With freezing temperatures right around the corner, we should get a respite soon from the Eurasian milfoil in the river. For us, however, a respite does not mean rest, and some of our most important work will take place in the next few months.
We have sold the undersized harvester we tried this year, and we are building plans for controlling our 11 acres of milfoil next spring. We’re studying four potential primary strategies and two additional strategies which could help around the edges. The four possible primary strategies are
- Diver-assisted suction harvesting (“DASH”), which is actually what it sounds like. Divers would use special vacuum equipment to remove the plants and their roots;
- A much larger cut-and-harvest machine, though it might have trouble reaching some spots in the river and its cost would be upwards of $500,000;
- Engaging an independent contractor to cut the milfoil as needed, with cost again being a major concern. The best price we have found is $48,000 per cutting, and we don’t yet have a firm handle on milfoil’s growth rate in this environment;
- The use of a herbicide, though there are obvious problems of efficacy in moving water and safety with Harrisonburg’s water intake being at Sandy Bottom.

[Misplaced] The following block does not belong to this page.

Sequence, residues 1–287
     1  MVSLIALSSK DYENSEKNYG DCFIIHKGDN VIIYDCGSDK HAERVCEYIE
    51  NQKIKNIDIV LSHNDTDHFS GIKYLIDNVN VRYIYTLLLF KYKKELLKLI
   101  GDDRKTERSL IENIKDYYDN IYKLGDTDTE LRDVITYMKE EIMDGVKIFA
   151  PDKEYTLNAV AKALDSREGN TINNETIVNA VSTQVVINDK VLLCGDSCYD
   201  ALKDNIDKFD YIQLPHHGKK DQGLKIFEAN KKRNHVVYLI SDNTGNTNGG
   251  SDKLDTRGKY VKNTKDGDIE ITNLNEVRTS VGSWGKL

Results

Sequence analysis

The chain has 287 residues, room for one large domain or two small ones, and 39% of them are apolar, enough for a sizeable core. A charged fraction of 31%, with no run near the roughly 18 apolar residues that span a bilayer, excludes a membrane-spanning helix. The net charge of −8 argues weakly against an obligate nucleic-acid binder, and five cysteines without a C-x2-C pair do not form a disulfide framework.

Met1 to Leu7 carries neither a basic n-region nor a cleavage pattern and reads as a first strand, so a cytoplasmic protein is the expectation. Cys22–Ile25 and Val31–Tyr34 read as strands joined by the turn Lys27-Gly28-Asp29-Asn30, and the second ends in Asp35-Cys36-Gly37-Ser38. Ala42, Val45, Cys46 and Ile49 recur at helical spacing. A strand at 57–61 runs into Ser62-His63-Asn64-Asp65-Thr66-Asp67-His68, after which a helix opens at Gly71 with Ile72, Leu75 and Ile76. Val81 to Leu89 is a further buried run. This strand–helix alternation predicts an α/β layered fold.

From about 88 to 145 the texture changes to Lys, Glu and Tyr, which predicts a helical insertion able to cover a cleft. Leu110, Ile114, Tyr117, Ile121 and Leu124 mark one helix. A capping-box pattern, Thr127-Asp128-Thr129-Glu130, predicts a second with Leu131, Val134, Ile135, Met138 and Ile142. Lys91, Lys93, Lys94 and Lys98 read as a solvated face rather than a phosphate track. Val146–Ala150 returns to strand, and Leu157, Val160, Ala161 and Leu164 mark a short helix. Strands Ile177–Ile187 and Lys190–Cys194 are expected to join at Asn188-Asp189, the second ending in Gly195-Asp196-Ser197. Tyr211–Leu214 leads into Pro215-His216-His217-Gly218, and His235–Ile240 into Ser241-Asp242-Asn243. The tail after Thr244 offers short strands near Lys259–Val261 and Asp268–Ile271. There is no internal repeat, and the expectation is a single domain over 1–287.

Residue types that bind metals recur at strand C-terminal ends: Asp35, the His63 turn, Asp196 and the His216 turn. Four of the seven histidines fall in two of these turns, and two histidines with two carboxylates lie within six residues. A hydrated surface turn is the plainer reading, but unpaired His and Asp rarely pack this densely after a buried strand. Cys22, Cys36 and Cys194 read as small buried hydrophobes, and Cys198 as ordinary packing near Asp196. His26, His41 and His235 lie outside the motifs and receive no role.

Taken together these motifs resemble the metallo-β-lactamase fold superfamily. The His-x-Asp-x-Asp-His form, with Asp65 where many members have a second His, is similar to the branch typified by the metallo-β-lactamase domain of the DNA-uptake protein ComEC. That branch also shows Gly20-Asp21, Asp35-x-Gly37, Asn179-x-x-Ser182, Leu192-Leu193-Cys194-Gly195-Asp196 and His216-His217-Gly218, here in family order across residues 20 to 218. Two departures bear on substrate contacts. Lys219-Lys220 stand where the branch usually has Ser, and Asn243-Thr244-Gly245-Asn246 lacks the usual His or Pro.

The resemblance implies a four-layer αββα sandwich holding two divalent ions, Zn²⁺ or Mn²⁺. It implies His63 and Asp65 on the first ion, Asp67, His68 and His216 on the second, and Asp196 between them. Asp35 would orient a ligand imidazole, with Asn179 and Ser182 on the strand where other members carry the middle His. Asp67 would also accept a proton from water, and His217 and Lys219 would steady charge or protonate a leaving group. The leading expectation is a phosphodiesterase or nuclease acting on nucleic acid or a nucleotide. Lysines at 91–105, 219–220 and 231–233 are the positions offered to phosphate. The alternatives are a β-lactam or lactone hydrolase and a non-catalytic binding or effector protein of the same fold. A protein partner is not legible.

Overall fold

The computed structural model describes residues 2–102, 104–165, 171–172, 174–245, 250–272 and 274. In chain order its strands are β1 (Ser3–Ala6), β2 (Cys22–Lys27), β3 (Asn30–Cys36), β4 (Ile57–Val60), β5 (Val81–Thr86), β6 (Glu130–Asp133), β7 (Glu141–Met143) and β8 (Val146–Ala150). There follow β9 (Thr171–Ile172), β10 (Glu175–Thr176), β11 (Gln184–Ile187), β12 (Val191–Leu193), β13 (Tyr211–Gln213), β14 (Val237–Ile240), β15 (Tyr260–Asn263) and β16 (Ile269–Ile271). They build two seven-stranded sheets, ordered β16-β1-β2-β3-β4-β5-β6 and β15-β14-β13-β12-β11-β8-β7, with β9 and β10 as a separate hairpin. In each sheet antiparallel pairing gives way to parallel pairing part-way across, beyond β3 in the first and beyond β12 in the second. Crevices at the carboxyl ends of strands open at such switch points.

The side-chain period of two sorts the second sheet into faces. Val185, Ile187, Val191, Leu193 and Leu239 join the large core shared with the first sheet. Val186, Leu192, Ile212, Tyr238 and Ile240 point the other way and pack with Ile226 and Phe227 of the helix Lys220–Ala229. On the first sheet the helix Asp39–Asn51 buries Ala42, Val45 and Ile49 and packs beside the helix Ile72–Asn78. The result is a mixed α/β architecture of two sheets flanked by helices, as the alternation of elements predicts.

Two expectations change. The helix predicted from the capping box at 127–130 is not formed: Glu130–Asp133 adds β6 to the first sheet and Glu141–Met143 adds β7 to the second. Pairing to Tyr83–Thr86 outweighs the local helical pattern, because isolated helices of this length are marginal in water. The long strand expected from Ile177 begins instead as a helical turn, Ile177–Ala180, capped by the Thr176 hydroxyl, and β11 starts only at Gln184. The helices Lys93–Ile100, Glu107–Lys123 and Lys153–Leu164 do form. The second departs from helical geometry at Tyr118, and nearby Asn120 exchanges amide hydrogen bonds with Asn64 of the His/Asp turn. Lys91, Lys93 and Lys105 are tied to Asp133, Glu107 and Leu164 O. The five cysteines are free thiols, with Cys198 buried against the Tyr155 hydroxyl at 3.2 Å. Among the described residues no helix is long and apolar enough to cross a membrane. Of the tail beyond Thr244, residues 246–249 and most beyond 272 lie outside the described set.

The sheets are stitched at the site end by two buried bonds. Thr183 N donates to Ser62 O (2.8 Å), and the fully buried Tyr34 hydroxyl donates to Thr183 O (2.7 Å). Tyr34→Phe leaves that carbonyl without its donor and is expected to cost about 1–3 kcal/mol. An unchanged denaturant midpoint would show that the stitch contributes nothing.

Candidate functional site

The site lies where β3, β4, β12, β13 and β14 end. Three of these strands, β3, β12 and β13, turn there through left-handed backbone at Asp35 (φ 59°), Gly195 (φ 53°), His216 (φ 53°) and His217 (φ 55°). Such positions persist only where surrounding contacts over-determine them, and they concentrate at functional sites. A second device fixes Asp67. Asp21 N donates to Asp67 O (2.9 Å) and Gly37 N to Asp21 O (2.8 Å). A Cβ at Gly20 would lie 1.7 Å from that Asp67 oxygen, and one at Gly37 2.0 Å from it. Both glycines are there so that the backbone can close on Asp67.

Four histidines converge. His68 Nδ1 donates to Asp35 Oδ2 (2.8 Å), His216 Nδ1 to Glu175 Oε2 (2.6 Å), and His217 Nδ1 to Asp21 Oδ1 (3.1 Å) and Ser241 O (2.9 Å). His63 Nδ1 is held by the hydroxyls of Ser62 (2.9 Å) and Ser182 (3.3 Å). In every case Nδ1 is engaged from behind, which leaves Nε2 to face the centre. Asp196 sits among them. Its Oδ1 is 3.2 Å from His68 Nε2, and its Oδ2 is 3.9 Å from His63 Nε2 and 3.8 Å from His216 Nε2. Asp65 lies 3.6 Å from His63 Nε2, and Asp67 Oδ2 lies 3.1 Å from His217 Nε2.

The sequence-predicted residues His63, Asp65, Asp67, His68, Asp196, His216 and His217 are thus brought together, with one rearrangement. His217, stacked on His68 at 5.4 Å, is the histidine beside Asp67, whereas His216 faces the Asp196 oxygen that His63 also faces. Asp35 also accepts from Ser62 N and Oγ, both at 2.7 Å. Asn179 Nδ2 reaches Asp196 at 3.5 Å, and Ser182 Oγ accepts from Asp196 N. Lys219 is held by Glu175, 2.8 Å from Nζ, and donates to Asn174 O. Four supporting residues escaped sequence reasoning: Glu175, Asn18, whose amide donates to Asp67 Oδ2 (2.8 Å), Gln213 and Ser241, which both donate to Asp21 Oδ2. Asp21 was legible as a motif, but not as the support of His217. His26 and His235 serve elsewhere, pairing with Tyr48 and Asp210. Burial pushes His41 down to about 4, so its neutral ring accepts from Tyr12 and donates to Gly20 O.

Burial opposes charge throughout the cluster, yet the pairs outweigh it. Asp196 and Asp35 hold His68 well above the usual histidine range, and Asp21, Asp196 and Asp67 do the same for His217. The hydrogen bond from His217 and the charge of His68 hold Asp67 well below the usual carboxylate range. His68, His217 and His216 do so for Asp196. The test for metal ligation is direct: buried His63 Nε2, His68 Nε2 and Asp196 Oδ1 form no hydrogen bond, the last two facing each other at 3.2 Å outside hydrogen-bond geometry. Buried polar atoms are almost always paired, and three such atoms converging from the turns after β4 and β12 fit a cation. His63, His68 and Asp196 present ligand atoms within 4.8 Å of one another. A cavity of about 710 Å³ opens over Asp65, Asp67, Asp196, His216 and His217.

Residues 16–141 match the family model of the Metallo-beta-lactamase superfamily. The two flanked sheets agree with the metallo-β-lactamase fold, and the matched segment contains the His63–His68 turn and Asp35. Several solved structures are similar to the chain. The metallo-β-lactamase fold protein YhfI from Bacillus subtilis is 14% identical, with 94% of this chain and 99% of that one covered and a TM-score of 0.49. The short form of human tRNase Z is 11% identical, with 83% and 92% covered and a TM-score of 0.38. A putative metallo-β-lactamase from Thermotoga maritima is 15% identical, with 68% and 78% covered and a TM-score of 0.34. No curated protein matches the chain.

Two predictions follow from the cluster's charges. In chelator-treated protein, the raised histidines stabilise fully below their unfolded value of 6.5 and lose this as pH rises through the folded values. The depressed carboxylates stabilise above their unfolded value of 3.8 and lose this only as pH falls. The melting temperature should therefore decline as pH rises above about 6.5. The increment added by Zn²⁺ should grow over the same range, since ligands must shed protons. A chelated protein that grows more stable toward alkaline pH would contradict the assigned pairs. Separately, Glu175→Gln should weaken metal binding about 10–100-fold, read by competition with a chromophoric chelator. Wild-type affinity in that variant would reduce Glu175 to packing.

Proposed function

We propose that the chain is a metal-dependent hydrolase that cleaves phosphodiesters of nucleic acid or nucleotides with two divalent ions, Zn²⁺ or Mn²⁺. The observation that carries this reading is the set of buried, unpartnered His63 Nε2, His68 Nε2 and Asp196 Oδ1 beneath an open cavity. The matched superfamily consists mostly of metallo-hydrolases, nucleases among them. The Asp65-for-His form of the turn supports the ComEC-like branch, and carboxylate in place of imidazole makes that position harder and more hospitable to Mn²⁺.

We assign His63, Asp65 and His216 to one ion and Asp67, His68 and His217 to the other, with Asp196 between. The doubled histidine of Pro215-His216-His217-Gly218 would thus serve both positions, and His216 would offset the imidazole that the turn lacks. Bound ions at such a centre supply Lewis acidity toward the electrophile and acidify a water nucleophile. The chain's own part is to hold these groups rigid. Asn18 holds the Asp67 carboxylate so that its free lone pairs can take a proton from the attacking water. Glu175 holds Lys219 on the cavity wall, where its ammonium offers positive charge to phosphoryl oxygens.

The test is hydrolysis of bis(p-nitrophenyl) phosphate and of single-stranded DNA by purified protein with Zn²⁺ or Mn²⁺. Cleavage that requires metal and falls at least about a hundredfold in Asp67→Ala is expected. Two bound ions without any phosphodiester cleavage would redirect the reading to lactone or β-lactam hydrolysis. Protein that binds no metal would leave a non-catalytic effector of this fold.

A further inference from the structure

The possible supplementary strategies both amount to making the river less hospitable to the plant. We could introduce enemies of the plant, such as the milfoil weevil—we kid you not—or we could try to lessen the amount of nitrogen in the stream. The weevil, however, is a rather dainty eater, and the significant sources of North River nitrogen are upstream from us.
As we evaluate what will work best, the Commonwealth is evaluating what we will be allowed to do. The Virginia Marine Resources Commission permitted our use of the undersized harvester this year, but under a law which took effect on July 1, jurisdiction may have passed to the Department of Environmental Quality. DEQ is studying the jurisdictional question right now, and we expect an answer from them late this month. We’re using the time to select our most promising control mechanism, and we will make our best pitch to either DEQ or VMRC, as the case may be. As of now, DASH appears to be the best option, because it removes the entire plant. That said, we don’t yet know the cost, and with all of these remedial measures, the more we know about them, the less we like them. We’ll keep you in the loop.
This milfoil issue is difficult in its scope, difficult in its cost, and difficult under the law, but with the help of our friends at the state level and perhaps our weevil friends, we plan to get this done.